Keeping the theme of gently altered signs, I offer a spray-painted follow-up on the “Huge Condos” blog post from two months ago. Though not as funny as the advertisement in Dayton, this sign manifests a completely different kind of error in judgment pertaining to real estate. For developers with comparatively low dependency on equity partners, with a faith that the development will yield a desirable ROI, with a comfortable debt-to-equity ratio, and with the know-how to operate and maintain (or the capacity to forge a contract with a good management agency) over the ensuing years, it is likely that they will not be as eager to dispose of the property. In other words, the developers will retain title as the property is leased and occupied.
But what if business fortunes take a turn for the worse and they change their minds? In both good and bad economic climates, properties change hands, businesses fold or consolidate. The notion that a single entity will ever own a parcel in perpetuity is farfetched, which makes the decision displayed on this “cornerstone” plaque at a lifestyle center just outside of Montgomery, Alabama all the more bizarre:
Spray-painted in a somewhat concealing black is the word “owner”, suggesting that this is no longer the case. One or both companies have divested themselves of the ownership role, and someone (the new owner presumably) took the most efficient approach possible to show it. But this action raises two further questions. First of all, why did the owner opt for such a chintzy method of indicating this? Up close, it’s not even effective: anyone with remotely decent vision can see the “owner” marginally obscured through black paint. Is it really that expensive to buy a new plaque? Wouldn’t it be worth it to clarify the key players in the development and management of this lifestyle center, rather than preserve something so obviously spray-painted?
Second, and more importantly, wouldn’t the new owner (the Australian company Centro apparently) want to draw more attention to his or her name? This shopping node, while nowhere near as smartly designed as some new lifestyle centers in comparable southern state capitals such as Baton Rouge or Jackson (a topic I hope to explore at length in the future), still fits the mold for the retail typology that is most popular and successful these days. East Chase itself seems to be doing well enough, poor economy notwithstanding. At the time of my visit in the summer of 2010, it was probably 85 to 90% occupied. And it’s clearly the retail node in metro Montgomery with the healthiest potential. It sits squarely outside the city limits, in the eastern fringe which seems to be absorbing most of the suburban out-migration. Compare this to the more conventional, purely enclosed Eastdale Mall:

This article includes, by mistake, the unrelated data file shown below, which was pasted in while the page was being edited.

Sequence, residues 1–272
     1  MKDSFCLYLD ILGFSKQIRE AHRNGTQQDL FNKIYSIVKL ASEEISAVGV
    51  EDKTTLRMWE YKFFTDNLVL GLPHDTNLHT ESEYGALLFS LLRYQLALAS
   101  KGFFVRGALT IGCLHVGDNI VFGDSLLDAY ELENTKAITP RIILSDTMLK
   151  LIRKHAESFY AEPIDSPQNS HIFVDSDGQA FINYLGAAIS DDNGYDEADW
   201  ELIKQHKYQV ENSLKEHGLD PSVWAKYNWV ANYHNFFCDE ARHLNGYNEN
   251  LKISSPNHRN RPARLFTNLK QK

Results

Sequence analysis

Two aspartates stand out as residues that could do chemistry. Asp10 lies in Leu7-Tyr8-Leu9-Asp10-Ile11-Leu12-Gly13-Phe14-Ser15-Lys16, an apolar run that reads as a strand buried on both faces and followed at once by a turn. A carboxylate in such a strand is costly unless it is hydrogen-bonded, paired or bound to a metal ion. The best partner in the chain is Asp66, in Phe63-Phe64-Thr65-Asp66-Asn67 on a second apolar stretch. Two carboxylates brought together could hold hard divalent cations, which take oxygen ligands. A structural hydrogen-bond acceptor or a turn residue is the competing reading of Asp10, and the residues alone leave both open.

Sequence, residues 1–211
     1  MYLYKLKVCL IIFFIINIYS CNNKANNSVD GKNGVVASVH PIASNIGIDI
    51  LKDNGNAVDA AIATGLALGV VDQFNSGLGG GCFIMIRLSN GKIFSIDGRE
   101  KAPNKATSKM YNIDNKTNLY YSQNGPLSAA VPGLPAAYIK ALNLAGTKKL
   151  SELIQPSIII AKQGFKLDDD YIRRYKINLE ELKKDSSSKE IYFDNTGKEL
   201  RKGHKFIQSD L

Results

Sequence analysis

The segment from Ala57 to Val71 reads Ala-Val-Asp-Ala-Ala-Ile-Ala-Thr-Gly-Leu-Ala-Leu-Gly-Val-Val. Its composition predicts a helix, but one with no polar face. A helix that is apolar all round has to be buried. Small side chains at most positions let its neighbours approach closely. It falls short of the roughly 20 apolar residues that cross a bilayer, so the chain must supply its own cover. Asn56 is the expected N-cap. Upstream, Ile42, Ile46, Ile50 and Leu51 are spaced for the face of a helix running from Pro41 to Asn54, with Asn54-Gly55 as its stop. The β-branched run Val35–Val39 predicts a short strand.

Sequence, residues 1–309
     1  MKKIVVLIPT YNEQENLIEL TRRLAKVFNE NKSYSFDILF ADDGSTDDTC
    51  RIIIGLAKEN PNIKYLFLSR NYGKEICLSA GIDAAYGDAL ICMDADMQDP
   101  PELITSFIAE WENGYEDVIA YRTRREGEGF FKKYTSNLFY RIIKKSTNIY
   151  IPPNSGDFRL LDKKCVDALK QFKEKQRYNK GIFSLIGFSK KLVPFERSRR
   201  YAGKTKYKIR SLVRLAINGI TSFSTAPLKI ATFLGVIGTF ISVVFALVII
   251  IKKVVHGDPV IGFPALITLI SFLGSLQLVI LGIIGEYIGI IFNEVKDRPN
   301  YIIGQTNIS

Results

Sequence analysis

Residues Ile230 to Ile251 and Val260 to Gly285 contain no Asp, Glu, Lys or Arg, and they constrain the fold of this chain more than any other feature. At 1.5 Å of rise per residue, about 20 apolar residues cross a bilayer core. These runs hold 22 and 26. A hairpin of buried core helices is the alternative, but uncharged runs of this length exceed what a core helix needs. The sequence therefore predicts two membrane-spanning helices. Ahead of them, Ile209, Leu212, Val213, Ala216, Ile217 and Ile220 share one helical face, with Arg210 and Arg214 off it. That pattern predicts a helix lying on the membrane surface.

This mall, about two miles to the west and on the edge of the city limits, is doing fine from a superficial glance on a bustling Saturday night. All the department stores were occupied and most of the inline stores were filled as well. But many of the most lucrative tenants—middle to highbrow names like Hollister, Banana Republic, and Talbott’s—all fled the larger Eastdale Mall, presumably around 2002 when East Chase opened. The replacements at the older Eastdale are predominantly mom and pop stores, not the sort of thing a major mall seeks in order to ensure steady foot traffic. I’d be very surprised if, 16 months since taking these photos, the Eastdale Mall hasn’t demonstrated more visible signs of decline. Meanwhile, the next highest concentration of retail square footage in the Montgomery metro area is the Montgomery Mall, on the south side of town in the city limits.
Completely closed. It still appears well-maintained: no graffiti and very little litter, the landscaping is reasonably groomed, and the pavement on the parking lot is not too pockmarked yet. But this could be merely because the Montgomery Mall hasn’t been closed for long, and the shift of retail energy from within the city limits to the eastern suburbs is a gradual process.
But something about that palimpsest plaque at The Shoppes at East Chase is troubling. Perhaps it, too, was a temporary spray-painted solution while a new sign was on order; I just happened to catch the man behind the curtain at the inopportune time. If not, though, and the spray-painted owner is there to stay, then it may be that something is amiss in terms the operations at this most promising of Montgomery’s retail nodes. After all, it struck me as a bit surprising that one of their big-box, “category killer” stores was vacant.
I presume this to have been a Staples, which was not a business known for shuttering a large number of its stores in 2010. The red of the company’s trademark façade may be the akin to the color of the herring I’m following, but the telltale signs of a struggling retail environment in an otherwise healthy metro (Montgomery is unquestionably the most prosperous area in Alabama’s largely impoverished Black Belt region) are the stuff that retail experts and developers use to determine where future expansion should take place. It could be that the nine-year-old East Chase is already past its prime, and another retail hub is in the works, even further out in the decentralized eastern suburbs. Maybe the developer would have enough confidence to hang on to the property a bit longer…or at least find a more adaptable plaque for display.